Sussex County Council reviewed audited numbers for the 2005 Fiscal Year, and County Administrator Robert Stickels took the opportunity to project a sober economic outlook, at the Feb. 28 council meeting.
Finance Director David Baker and staff, and personnel from accounting firm Jefferson, Urian, Doane & Sterner, noted stellar revenue growth, and $11.8 million worth of revenues in excess of expenditures under the General Fund. But Stickels warned against looking at that $11.8 million as a “surplus.”
In fact, he included a definition of surplus in the financial highlights report, which notes “an amount or quantity in excess of what is needed…”
“When you look at today’s economy, there’s a wind chill out there,” Stickels said. “With the (electricity) rate increases — we’re a million-dollar purchaser of power.”
Much of that power went to run the county’s four wastewater treatment plants, he pointed out, so operational costs were sure to spike. It would be good, Stickels said, if the county could soften that impact and avoid hitting the residents with “double barrel” rate increases.
The county was also planning a new engineering building, he added, and that project alone was expected to top $7 million.
There’s also a Nanticoke River dredging project on the near horizon (Army Corps of Engineers pays for the actual dredging, but the county expects to spend $2 million for a spoils site) and an estimated $4 million in landfill closure costs (more of a long-term expense, but one mustn’t forget about it). And the county is working to make up its post-retirement benefit fund contributions ($19 million short).
“I dare anybody to tell me the $11.8 million isn’t needed,” Stickels said. “It’s like looking at a checkbook and saying, ‘Oh, I have $1,100 in there — I don’t need that.’ Well, you’ve got bills coming.”
Council Member Dale Dukes commended staff for a job well done. “Financially, we’re in good shape,” he said. “But there’s a lot on our plate that we have to provide for.”
• In other highlights, bankroll for governmental activities came primarily from real estate transfer taxes (51 percent), at $36.3 million — far in excess of expectations.
• The county issued 3,288 building permits in the 2005 Fiscal Year: more than double the number issued in the 1995 Fiscal Year, 29 percent more than issued in the 2003 Fiscal Year (2,558) and more than 18 percent more than issued in the 2004 Fiscal Year (2,797).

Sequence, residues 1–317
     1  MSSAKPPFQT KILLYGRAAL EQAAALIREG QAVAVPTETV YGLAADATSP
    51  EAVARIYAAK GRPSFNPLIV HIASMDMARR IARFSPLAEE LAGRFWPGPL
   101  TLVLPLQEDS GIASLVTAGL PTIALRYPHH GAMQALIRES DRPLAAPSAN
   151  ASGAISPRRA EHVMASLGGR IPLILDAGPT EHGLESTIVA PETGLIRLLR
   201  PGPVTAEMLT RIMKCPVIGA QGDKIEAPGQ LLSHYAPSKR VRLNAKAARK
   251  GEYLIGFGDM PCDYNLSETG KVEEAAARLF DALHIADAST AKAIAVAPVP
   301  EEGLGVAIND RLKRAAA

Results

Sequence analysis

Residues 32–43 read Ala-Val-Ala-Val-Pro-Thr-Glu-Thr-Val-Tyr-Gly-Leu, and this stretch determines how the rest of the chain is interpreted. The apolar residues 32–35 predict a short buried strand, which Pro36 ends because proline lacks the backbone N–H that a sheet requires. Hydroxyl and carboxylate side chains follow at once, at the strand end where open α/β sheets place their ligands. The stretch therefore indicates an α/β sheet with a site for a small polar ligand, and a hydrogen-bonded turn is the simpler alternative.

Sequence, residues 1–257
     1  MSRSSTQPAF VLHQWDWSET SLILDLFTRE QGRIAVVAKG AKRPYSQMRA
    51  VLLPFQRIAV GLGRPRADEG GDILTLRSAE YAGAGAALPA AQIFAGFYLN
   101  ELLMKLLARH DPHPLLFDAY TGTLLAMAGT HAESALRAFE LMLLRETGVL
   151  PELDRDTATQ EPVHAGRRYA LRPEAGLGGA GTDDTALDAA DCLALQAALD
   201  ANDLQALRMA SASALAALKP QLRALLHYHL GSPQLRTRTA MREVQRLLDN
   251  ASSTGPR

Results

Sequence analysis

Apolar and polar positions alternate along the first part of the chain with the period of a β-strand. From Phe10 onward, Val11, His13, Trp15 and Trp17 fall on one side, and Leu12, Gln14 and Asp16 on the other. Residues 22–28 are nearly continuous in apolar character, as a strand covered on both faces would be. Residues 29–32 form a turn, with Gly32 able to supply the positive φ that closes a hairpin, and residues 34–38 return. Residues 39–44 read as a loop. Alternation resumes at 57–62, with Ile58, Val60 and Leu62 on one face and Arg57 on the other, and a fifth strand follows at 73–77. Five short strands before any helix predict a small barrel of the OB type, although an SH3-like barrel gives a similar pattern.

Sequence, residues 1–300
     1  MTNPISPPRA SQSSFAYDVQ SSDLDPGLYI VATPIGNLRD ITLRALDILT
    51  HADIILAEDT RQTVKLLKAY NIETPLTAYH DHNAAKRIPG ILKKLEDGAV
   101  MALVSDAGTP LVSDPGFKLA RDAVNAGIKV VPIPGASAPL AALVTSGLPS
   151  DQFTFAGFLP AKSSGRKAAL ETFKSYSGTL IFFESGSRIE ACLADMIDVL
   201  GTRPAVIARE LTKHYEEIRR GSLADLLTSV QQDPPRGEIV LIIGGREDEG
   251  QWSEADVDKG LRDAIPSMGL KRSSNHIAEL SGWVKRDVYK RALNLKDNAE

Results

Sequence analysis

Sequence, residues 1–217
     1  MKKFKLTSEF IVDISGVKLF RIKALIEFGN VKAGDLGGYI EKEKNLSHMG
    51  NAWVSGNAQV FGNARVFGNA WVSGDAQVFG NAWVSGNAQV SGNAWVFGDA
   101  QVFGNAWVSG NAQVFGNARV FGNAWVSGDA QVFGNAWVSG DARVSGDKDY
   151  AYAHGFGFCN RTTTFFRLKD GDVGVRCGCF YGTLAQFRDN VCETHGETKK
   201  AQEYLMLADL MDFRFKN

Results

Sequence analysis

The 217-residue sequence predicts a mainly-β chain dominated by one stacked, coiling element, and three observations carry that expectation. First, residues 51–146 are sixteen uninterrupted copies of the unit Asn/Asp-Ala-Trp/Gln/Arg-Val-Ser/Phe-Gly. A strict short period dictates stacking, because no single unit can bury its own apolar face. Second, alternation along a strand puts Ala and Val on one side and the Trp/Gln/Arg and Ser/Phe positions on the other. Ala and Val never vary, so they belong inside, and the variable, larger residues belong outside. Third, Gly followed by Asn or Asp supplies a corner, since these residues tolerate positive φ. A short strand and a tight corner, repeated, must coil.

• The value of new construction in Sussex County exceeded the total for the rest of the state, in the 2005 calendar year.
• Agriculture remained strong as well — Sussex is still number one in the nation, for poultry and egg sales. The county ranked high for total ag products sold and vegetable acres harvested, as well (top 50 counties).
• The report noted $459.3 million in total assets — most of that in capital assets ($283.1 million, including land, improvements and construction in progress) and restricted assets and investments ($105.2 million)
• Total liabilities added to $186.7 million, some of that due within the year, but the vast majority ($148.5 million) due in more than one year.
• Assets minus liabilities, that left the county with roughly $272.7 million to the black, up more than 20 percent over the year.
While prospects for a tax rebate this year seem somewhat bleak, local law enforcement agencies continued to enjoy the county’s 2006 Fiscal Year largesse on Feb 28. Locally, Stickels announced grants to Fenwick Island (for a used, $6,900 Dodge Intrepid) and Ocean View ($7,700 for mobile radios) police departments.
In other business, council approved a dual change of zone, from Agricultural-Residential (AR-1) to Commercial (C-1) on 6.5 acres and from AR-1 to High-Density Residential on PGS Properties petitioned for the changes at adjacent parcels on Old Mill Bridge Road, just north of Route 54 (west of Fenwick). Plans include four commercial pads and 100 townhouses.
The county Planning and Zoning (P&Z) Commission held public hearings on the applications in July 2005, and made their recommendations to council in January 2006. The commission recommended approval.
Council Member George Cole lodged his objection, though, questioning the engineering department’s ability to keep up with the increased density and the Delaware Department of Transportation’s (DelDOT’s) ability to keep up with traffic loads on Route 54.
But the record from the P&Z showed that DelDOT hadn’t required a Traffic Impact Study, once the developers agreed to the department’s request that they develop residentially, rather than commercially.
However, as P&Z Director Lawrence Lank pointed out, there’d been no opposition at the public hearings. Council Member Vance Phillips followed up.
“If things are so bad down there, I would think someone would have come here to oppose (the project),” he said. “It seems things are not as dire as some would lead us to believe.” Council approved the changes of zone 4-1, 4-1, over Cole’s opposing votes.